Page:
How The World’s Most Expensive Apartment Building Became A Lightning Rod For How We Feel About The Super Rich
Next week marks 10 years since London’s One Hyde Park was completed and the keys to its luxury apartments were handed over to residents who came from all corners of the globe, but who now shared at least two things: They were incredibly rich, and they had bought one of the most expensive homes on the planet.
One Hyde Park’s story is a classic real estate development tale of ambition, vision, nerve, a bit of cheek and a hefty slice of luck. It made a lot of people in London property who had nothing to do with it a lot of money simply through the gravitational pull that it exerted.
But One Hyde Park has a meaning and resonance that go beyond the property sector, in a way that very few buildings do. It says something about London in the 21st century, its place in the UK and in the world, the global distribution of wealth and how we feel about the very rich in our society. So it is also a story about elites, inequality, snobbery and international politics. Few buildings in recent years have created a reaction so visceral — to the point where its architect didn’t want to work in the UK in the wake of its completion.
“It became a lightning rod for feelings in London about the super rich,” RSHP Senior Partner Graham Stirk, the building’s lead architect, told Bisnow. “People were openly hostile about it, it got a real barracking. The heavy duty nature of it all meant I didn’t want to work in the UK for a while and started looking for projects elsewhere.”
A decade on from its completion, One Hyde Park still commands high prices when its flats sell, but London has changed. It’s still a global megacity, but less self-confident than in 2011, beginning to find a path in the post-Brexit world and suffering, as are all dense urban centres, from the ravages of COVID-19. The intervening years have changed the nature of wealth and of property. The scheme probably couldn’t be built today, and if it was, it would be unlikely to be as big and as brash. The same might be true of London.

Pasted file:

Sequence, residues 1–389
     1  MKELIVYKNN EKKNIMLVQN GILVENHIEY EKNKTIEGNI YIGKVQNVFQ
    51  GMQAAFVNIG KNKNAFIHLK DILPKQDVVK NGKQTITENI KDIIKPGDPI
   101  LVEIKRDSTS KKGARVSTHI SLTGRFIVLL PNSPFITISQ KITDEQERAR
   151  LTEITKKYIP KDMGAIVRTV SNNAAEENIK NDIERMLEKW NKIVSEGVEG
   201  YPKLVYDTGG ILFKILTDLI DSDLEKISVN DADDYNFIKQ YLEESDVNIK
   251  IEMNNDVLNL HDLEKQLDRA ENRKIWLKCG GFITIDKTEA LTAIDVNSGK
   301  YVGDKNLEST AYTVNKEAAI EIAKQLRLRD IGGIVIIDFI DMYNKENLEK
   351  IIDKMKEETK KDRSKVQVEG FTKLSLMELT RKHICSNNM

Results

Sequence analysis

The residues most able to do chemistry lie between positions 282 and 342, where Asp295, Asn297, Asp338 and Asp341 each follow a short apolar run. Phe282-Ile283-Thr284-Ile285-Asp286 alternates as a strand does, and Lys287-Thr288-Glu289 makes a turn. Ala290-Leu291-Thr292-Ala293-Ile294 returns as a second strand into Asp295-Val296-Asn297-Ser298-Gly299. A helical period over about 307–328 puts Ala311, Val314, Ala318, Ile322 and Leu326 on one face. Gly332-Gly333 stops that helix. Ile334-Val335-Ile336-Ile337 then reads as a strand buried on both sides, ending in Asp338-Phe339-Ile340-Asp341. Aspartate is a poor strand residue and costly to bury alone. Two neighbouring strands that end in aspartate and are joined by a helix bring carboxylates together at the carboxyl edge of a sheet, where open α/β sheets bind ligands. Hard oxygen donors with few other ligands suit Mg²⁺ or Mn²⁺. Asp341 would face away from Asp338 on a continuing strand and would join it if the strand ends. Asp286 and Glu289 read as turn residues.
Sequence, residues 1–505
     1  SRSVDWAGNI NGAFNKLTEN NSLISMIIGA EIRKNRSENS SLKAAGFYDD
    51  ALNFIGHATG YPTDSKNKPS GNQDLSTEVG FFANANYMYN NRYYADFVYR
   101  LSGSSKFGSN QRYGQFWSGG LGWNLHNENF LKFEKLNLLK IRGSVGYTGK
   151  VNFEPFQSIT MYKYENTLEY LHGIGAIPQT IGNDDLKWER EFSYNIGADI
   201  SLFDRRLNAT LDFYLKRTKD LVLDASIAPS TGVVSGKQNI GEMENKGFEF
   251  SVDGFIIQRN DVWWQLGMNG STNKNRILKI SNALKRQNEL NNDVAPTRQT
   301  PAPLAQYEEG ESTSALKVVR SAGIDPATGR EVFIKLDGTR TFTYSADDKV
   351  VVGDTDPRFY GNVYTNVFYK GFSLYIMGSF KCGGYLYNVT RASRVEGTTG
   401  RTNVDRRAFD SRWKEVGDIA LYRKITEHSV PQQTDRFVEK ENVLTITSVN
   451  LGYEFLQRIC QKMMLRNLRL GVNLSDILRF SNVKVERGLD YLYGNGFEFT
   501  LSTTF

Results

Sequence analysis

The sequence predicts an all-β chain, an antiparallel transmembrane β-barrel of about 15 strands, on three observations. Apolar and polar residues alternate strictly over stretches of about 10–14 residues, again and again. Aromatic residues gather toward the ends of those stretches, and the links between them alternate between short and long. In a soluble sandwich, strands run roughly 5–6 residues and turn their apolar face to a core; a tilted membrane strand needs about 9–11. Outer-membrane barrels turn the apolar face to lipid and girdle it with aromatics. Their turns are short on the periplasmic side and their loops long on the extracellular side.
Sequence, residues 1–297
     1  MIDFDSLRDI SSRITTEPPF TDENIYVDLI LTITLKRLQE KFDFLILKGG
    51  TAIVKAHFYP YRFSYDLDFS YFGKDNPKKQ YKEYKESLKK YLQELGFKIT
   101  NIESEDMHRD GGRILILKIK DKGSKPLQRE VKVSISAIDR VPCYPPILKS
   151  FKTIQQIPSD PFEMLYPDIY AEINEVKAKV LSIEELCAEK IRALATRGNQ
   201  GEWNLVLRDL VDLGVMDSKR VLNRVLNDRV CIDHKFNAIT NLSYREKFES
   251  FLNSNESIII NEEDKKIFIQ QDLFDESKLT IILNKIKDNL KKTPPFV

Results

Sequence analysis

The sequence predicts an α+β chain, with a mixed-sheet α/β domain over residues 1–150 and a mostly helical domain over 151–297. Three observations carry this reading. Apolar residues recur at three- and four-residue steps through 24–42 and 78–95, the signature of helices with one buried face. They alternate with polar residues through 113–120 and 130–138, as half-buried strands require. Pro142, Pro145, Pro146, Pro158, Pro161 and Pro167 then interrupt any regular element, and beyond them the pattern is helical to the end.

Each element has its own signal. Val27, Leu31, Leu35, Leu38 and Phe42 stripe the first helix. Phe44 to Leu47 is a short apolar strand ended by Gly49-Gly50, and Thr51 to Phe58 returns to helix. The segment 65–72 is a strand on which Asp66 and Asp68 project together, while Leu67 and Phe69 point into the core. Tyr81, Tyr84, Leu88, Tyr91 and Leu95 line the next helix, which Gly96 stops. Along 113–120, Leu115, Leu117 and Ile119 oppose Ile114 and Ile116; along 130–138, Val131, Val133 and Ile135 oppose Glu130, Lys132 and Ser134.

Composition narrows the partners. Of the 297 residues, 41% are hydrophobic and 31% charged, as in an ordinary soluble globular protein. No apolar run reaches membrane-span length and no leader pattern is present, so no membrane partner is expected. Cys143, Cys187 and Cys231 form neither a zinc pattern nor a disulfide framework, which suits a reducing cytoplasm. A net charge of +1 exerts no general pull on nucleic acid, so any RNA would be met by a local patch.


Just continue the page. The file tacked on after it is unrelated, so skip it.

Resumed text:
“A Rather Drab Office Location…”
It was marketed as having potential for conversion to residential, but in spite of its location, looking out on to Hyde Park and a short walk from posh department stores Harrods and Harvey Nichols, established developers like Berkeley Homes turned down the chance to buy it.
“Knightsbridge at that time was essentially a rather drab office location,” Savills Head of Residential Development Sales Ed Lewis said. “You had Harrods, but it wasn’t exactly Bond Street or Cadogan Square.”
Enter two young entrepreneurs with a background in redeveloping and redesigning expensive one-off homes for wealthy clients, but little experience of large-scale development — brothers Nick and Christian Candy.
Project Grande (Guernsey) Ltd bought the site and began the creation of One Hyde Park. It was a joint venture consortium between Guernsey-based development company CPC Group, headed by Christian, and Waterknights, owned by the former Prime Minister of Qatar, Sheik Hamad bin Jassim bin Jabr Al-Thani. Candy & Candy, headed by Nick, was the development manager and interior designer for the project.
“Richard [Rogers] said there are two guys that want to meet us about bidding on some land,” Stirk recalled. “So we met Nick and Christian in a rented office near Victoria station. They described why they thought the scheme would work, and Nick said, ‘We just want you to build the best resi building in the world.’ When people say that, you think, OK … They wanted us to work on the bid and look at the capacity for the site, but they said they couldn’t pay us, which is a bit oxymoronic for someone who wants to build the best residential building in the world.”
The payment issue related to the release of funds from the project's backers, Stirk said.
The Emergence Of A New Kind Of Wealth
While the Candys had little experience in large-scale development, they did have something unique and invaluable — an insight into the wants, needs and whims of an emerging global super wealthy elite, and the ability to satisfy those needs.
“We knew there was a new category of the market who want nothing but the best and who were willing to pay for a certain level of service and luxury,” Candy Capital Chief Executive Nick Candy told Bisnow over email. (Christian Candy did not respond to an interview request sent to CPC Group.)
“This kind of product just didn’t exist in London or even globally at the time and it was designed and executed to meet a very specific requirement from the new international wealthy.”
“[The Candys] were ambitious, because they had found a market they were operating in, having done a lot of individual units around Knightsbridge and Belgravia, and sold lots of those to Russians who had deep pockets,” Lewis said. “They were buyers who just wanted to buy the most expensive thing, not because it was the best, but because it was the most expensive.”
“The Candys were the first people to spot that opportunity and they had the firepower to execute,” Wells Fargo Head of London Commercial Real Estate Max Sinclair said. Sinclair headed the team at German bank Eurohypo that loaned £1B in construction financing to the consortium developing One Hyde Park.
In one sense, the story of One Hyde Park really goes back further, to the mid-1980s and the “Big Bang” deregulation of London’s financial services sector, which was the first step toward London becoming a global city.